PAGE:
In Eclipse Of Justice, Ezeji deconstructs legal schisms
It is becoming a norm for individuals to court one of the genres of literature as a conduit for the appraisal of their profession(s). Dami Ajayi’s Clinical Blues (2014) is one of such literary outputs inspired by the author’s profession. Hence, it is not a surprise to have a poetry collection from a legal practitioner, who also holds degrees in literature.
Eclipse of Justice, Ogechi Ezeji’s debut poetry collection, is a handy down dressing of judicial excesses. It is a collection of 113 poems of related thematic preoccupation, culminating in 195 pages.Ezeji’s judicial standpoint may have informed her coherent and organic ordering of the poems, given her division of the poems into six sections of related subject matters.
The first section contains 60 poems. It is a demythologisation of the legal mystic and a deconstruction of the ‘isms’ and schisms of the bar.Like the blind goddess, wielding cudgels and swinging on the pendulum of justice, Ezeji dons the garb of a sanitizer. Armed with poetic whips, she runs into the courtroom to sack the pigs, which desecrate the revered place. Her potent weapon is words versed in haunting poetic lines.
Disenchanted with most courts around, the poet-speaker in the first poem sets out In Search of a Court of Justice, branding herself a ‘searcher’. Hear her:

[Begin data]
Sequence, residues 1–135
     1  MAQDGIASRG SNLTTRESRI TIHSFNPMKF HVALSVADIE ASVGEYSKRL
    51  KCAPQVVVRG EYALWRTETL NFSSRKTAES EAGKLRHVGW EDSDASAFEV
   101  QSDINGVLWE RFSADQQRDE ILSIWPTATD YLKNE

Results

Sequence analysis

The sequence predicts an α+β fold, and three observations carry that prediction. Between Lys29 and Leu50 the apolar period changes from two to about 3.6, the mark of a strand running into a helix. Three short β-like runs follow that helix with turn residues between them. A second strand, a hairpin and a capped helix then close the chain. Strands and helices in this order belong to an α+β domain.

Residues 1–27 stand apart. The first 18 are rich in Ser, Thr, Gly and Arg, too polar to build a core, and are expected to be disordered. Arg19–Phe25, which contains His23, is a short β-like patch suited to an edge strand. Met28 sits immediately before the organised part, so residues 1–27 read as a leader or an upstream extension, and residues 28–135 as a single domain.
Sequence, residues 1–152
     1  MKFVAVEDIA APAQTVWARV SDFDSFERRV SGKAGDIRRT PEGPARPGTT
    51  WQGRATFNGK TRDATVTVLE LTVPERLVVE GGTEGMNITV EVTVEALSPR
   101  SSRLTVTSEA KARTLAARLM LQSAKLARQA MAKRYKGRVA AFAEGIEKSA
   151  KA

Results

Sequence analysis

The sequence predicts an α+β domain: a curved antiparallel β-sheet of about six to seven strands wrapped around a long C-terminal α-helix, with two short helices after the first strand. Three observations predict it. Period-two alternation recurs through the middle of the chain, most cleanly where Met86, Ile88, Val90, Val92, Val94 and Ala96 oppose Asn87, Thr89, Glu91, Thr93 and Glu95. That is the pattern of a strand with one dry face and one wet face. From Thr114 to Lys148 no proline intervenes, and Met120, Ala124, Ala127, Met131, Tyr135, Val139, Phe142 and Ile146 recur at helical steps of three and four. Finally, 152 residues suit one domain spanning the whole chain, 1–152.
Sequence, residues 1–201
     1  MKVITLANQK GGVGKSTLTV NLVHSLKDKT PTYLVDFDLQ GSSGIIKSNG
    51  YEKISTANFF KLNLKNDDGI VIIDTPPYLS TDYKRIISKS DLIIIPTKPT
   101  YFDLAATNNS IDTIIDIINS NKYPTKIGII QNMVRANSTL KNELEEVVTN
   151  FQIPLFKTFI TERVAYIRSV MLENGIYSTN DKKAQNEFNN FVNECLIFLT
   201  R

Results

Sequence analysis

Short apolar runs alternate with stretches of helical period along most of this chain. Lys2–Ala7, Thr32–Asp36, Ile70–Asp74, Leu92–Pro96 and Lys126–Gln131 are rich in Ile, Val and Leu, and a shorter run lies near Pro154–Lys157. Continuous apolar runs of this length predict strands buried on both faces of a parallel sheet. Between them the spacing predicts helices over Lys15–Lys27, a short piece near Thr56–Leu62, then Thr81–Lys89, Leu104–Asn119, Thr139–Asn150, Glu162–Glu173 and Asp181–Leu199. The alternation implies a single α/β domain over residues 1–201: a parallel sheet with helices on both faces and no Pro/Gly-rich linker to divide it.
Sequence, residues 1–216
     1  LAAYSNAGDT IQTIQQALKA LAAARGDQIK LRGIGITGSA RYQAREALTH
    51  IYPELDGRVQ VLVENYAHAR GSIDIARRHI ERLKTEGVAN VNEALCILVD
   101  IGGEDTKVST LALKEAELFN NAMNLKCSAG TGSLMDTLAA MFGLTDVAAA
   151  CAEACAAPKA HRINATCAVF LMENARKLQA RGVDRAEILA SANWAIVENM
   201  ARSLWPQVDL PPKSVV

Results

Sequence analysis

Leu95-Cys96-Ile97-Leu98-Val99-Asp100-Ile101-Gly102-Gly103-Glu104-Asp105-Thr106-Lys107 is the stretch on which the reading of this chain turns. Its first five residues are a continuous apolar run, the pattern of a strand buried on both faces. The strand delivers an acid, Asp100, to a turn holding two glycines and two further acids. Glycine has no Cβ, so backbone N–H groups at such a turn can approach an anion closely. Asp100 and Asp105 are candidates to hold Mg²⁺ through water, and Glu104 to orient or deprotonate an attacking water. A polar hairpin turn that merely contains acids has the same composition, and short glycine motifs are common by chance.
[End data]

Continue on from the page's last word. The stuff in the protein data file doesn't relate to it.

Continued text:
I go from the roaring Niger River to the sandy sands of the Sahara
From the mangroves of Oloibiri to the confluence city of Lokoja
From the rocky rocks of Abeokuta to the calling chad basin.
She finds none. Hence, she laments:
I see a court of frontloading and back loading
A court of substantive and procedural abracadabna
A court of appellate and cross-appellate lack of jurisdiction.
Further, section one could be best described as Ezeji’s chronicling of the ills and rots in the Nigerian judicial system. She bewails, sometimes, with biting sarcasm, the ruthless rubbishing of an establishment every home aspires to lay claim to one of its numerous practitioners, because of its enticing nobility. Section two, titled, On Humanity, Human Rights and Humanitarian Issues, is intricately interwoven with poignant lines and disturbing human welfare questions, tearing consistently at the fabrics of people’s collective consciences.
Through humanistic lenses, Ezeji probes the human consciousness and how often people care about those ‘Fleeing for Life for World Refugees’, ‘Our Siblings in Special Clothing’, the ‘Owners of Tomorrow’, etc. These are, in Frantz Fanon’s words, ‘The Wretched of the Earth’.
Commissioner’s conversation with a Shanty Dweller is a piece that stares hard into people’s faces. On the surface, it speaks of a misunderstanding between a honourable commissioner and a shanty dweller, but on a deeper level, it is a figurative comparison of the alarming wide gap between the haves and the have-nots. It is a dramatic monologue, highly reminiscent of Niyi Osundare’s ‘Olowo debates Talaka’ contained in Songs of the season.